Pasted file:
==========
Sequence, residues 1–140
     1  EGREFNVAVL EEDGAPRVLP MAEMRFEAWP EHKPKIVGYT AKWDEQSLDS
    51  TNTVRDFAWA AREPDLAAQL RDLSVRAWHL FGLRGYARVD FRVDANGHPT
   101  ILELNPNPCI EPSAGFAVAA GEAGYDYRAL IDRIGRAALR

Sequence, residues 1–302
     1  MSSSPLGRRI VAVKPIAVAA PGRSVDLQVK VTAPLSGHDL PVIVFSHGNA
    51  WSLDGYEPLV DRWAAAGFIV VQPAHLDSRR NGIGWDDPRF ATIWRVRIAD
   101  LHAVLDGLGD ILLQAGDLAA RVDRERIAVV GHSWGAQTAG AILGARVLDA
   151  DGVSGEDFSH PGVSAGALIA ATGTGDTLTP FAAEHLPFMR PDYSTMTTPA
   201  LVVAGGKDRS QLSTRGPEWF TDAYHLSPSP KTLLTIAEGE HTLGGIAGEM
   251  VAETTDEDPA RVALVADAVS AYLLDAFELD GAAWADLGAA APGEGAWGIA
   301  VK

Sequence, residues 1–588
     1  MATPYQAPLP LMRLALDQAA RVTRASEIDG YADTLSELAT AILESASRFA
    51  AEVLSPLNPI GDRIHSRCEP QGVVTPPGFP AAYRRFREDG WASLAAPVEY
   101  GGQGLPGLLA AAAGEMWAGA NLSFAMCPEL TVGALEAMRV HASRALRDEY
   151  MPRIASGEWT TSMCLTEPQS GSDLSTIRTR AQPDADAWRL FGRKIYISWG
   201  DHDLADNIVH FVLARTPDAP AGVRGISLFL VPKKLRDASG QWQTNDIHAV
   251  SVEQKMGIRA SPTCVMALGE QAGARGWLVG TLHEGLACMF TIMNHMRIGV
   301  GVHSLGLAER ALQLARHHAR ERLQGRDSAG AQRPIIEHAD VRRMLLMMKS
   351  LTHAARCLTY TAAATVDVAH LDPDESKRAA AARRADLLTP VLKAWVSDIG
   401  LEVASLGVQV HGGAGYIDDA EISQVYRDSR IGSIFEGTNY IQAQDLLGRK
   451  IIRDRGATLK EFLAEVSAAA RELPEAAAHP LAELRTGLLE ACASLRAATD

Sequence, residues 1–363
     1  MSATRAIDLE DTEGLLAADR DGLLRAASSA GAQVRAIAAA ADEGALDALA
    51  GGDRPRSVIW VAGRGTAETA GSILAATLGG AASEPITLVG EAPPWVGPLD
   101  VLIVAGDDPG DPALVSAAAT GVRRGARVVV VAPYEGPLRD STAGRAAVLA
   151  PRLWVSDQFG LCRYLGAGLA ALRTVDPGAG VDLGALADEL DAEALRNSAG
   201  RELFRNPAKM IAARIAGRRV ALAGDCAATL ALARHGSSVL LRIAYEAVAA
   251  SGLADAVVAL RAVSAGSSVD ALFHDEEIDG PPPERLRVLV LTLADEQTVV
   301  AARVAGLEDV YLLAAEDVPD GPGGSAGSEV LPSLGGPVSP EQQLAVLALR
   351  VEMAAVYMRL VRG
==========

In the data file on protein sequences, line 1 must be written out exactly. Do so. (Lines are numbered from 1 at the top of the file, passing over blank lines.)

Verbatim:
Sequence, residues 1–140